An affable romantic comedy in the guise of a road movie, "Asphalt Tango" brings a light French touch to its story of a busload of Romanian girls headed West for what they expect will be careers as "exotic dancers." Tango of the title refers to the leisurely paced chase by a heartbroken mechanic trying to win back his wanderlusting wife.
An affable romantic comedy in the guise of a road movie, “Asphalt Tango” brings a light French touch to its story of a busload of Romanian girls headed West for what they expect will be careers as “exotic dancers.” Tango of the title refers to the leisurely paced chase by a heartbroken mechanic trying to win back his wanderlusting wife before the bus crosses the border. A crowd-pleasing date movie for grown-ups, pic could muster pleasant B.O. in some Euro territories and earn coin from TV sales.
Likeable cast is headed by Charlotte Rampling as the girls’ cooler-than-a-cucumber French boss, Marion, who teaches them tricks of the trade on the way, and Mircea Diaconu as Andrei, an unlucky Romanian husband who learns his wife, Dora (Catalina Rahaianu), a ballerina with the national opera, has not only left him but also been duped into Marion’s scheme to recruit hookers with the promise of employment as dancers. To woo his wife home, Andrei first has to get past the cynical Marion, who agrees to give him one last night to make his appeal, rightly guessing that his niceness is no match for her worldly wiles.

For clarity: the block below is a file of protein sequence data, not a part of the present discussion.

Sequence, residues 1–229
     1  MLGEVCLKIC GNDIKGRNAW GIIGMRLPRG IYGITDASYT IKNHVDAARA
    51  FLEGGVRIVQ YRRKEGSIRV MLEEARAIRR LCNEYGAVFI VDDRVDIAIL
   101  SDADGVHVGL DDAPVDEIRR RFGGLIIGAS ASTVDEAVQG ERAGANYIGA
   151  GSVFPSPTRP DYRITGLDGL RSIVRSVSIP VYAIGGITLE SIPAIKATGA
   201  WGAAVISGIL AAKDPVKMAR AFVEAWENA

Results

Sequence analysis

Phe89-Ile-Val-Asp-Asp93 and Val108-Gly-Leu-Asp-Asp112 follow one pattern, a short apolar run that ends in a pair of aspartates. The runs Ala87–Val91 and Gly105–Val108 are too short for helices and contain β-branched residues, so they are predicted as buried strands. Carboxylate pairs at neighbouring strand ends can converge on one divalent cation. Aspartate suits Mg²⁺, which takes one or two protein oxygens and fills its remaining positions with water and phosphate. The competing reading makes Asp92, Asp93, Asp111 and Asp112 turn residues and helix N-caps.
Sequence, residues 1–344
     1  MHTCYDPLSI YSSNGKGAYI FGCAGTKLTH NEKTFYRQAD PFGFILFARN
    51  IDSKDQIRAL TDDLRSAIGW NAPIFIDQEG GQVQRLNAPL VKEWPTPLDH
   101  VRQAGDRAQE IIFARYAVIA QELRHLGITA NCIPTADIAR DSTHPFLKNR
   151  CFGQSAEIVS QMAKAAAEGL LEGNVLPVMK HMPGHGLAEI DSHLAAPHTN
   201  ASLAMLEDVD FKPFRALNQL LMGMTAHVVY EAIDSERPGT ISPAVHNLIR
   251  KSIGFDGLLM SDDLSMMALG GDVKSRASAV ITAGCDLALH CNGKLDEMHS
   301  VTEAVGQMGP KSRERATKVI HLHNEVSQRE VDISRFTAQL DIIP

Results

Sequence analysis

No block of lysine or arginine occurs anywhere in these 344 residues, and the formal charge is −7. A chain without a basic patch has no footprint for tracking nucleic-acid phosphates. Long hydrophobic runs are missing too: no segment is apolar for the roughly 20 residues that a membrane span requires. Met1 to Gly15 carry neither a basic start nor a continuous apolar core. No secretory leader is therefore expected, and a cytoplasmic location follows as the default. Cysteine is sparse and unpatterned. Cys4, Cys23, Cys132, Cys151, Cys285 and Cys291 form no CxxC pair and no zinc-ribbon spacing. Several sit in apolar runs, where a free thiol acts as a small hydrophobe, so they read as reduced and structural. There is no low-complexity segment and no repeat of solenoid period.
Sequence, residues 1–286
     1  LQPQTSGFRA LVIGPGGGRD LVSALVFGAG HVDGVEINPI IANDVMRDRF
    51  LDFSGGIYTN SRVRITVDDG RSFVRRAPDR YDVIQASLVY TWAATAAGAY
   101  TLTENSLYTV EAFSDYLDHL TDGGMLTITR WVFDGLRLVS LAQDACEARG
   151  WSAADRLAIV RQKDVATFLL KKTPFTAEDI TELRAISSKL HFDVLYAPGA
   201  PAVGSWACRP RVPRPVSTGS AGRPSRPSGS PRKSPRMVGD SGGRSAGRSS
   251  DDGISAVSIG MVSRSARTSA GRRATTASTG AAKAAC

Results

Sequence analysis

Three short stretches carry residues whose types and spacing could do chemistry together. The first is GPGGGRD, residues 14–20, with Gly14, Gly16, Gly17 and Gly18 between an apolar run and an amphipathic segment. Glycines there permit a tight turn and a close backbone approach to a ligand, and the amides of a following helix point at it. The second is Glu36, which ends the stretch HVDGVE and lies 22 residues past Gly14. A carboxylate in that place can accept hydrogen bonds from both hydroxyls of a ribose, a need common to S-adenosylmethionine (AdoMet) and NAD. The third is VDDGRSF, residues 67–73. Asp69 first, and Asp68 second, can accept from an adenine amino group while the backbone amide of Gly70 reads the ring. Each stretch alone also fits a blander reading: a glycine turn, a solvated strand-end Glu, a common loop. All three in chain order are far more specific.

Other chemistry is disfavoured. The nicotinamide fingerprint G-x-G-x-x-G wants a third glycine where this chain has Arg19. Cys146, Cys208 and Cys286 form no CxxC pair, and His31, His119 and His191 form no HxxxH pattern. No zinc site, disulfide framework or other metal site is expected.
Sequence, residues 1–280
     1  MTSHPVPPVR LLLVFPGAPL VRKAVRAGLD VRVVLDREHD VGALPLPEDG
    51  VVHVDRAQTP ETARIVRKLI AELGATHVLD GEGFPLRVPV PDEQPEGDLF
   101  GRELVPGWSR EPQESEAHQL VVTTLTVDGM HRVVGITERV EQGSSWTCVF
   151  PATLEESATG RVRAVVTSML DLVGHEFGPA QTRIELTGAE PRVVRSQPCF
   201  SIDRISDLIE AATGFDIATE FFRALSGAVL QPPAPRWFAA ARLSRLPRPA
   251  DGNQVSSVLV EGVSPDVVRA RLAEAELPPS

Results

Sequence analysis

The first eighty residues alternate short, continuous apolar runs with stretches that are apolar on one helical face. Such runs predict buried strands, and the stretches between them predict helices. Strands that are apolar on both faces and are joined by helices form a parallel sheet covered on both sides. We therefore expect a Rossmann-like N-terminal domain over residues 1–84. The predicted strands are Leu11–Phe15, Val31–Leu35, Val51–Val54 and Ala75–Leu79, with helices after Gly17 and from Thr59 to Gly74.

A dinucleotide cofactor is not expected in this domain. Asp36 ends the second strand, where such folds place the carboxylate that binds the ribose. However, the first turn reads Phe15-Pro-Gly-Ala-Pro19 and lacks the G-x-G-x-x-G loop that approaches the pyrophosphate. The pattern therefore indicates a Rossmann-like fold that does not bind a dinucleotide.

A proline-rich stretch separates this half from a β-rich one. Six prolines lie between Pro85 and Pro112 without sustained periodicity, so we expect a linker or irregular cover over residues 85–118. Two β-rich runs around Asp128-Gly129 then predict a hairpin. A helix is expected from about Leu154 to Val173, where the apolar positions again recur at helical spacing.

On the acting side, however, Diaconu does hold his own against Rampling, with an on-the-mark perf as the frustrated hubby. Faced with an array of amusingly presented hurdles — ranging from strikes to police corruption to sheer laziness — Diaconu makes the laughs work, with a subtle double-take when he at last finds a taxi driver who’s on duty, or with a mildly goofy grin as the bevy of beauties (egged on by Marion) one by one fill his bedroom for a night of fun.
Speaking French throughout, Rampling gives an economical performance that’s a nice counterbalance to the diffuse nature of those around her. From the spiked-heel marks she leaves in the soft asphalt, to her lesson in the art of male humiliation, Rampling paints a character who cuts through the distractions that would drown a lesser woman. Portraits of her young charges are less clearly drawn: Except for two or three, they blend into one generic good-time gal.
In his second feature, director Nicolae Caranfil (“Don’t Lean Out the Window”) generally moves things along at a nice clip, with laughs evenly sprinkled throughout the 90-odd minutes. Print caught occasionally had a flat, washed-out quality.